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The trouble with ‘gut feeling’

By | David Klaasen | Helping You Create Clarity, Inspire Your People & Drive Performance | Retain your best people | Changing Management Mindsets and Behaviour | Practical Behaviour Analytics

The trouble with ‘gut feeling’

When we rely on our gut feeling and intuition, it is heavily influenced by our own preferences, biases, and previous experiences – both good and bad. Some people have a manner that “feels good” or makes us feel “uneasy”. As we have these feelings all sorts of emotions get stirred up and, whether we are aware of them or not, they influence our thinking and can cloud our judgement.

It is interesting to note that the statistics show there is still a shocking lack of objectivity in most selection interviews and, as you probably know, this often leads to unfortunate situations down the line. Sometimes the best person required for a particular job, is not the sort of person we are naturally attracted to. This has a lot to do with our own motivational preferences and traits.

When we are successful in a job it is because we have a combination of motivational traits that help us deal with the rough and tumble of our work. Things that in the long run may make others cringe, stress out or get depressed probably get you interested, excited and willing to rise to the challenge. In other words they motivate you!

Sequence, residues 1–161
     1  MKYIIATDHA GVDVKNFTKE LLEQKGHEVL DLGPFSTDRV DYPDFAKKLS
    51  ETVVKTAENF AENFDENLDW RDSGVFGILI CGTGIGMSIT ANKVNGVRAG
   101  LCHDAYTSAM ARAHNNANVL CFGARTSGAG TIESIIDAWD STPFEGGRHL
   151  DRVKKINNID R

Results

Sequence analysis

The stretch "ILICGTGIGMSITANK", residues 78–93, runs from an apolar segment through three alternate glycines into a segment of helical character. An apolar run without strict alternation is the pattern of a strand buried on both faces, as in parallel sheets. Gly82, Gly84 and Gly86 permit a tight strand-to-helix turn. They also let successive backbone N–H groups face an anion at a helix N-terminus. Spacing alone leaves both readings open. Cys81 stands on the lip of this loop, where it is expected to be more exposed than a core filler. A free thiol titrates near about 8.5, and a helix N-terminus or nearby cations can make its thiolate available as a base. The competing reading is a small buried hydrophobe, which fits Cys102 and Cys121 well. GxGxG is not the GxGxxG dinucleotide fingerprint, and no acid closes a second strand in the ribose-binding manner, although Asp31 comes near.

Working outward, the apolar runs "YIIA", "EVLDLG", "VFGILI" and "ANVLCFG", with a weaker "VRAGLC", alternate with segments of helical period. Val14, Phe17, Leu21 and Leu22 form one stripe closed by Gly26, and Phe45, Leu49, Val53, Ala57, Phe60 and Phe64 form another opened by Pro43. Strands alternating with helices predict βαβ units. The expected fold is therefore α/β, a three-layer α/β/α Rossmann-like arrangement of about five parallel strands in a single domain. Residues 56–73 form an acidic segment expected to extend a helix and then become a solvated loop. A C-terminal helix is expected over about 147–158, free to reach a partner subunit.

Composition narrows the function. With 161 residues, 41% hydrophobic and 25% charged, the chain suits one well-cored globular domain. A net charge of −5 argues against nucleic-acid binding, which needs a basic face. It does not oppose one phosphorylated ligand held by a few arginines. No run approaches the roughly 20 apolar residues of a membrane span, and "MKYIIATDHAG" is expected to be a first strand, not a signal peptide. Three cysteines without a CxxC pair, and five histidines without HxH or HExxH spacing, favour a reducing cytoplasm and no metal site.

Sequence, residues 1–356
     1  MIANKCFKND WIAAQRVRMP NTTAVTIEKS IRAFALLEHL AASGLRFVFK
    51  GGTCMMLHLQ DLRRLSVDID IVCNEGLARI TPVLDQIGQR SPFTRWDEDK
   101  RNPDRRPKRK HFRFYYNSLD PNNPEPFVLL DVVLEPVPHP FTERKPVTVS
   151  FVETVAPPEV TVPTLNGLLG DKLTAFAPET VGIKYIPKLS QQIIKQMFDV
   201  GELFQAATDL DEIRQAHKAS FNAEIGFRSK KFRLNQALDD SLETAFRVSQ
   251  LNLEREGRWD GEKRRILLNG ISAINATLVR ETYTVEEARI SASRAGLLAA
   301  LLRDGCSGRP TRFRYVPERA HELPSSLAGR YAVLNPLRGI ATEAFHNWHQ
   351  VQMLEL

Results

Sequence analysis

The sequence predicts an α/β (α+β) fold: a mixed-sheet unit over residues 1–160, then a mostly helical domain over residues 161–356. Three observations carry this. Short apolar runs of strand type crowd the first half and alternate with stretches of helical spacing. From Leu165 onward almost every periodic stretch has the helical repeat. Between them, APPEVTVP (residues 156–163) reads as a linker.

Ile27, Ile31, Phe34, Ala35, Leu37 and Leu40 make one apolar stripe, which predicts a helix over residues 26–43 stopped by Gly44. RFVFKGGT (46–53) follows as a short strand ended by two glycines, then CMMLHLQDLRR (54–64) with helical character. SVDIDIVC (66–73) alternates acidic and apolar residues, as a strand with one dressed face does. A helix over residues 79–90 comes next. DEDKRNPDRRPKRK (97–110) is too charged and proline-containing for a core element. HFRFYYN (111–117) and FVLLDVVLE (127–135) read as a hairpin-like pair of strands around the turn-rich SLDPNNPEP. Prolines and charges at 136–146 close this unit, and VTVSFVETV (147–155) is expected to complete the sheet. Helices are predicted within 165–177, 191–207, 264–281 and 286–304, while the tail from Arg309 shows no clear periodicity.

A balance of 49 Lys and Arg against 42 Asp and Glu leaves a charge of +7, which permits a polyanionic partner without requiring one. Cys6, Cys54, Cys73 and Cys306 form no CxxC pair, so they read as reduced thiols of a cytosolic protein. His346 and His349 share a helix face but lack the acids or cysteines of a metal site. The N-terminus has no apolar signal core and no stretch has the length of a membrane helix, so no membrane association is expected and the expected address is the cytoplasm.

What gets you to act may stop someone else in their tracks, especially when things get busy.

When the pressure is on it gets personal

When things get pressured at work, our natural preferences usually come to the fore and become heightened. For example I know a Director who, when the pressure is on, will want to review the facts, check what steps were taken and collect even more detailed data. He also likes to reflect and think through the information to formulate a detailed plan. Another of the Directors wants to step back so she can get the big picture, and come up with a number of creative ideas and then take immediate action. I’ve been in meetings when her ideas are scrutinised and brought down to reality with a bump. They are sometimes called unrealistic and she is referred to as a ‘dreamer’.  She then gets very upset and defensive, and complains about the other Director’s ‘negativity’ and ‘bad attitude’.

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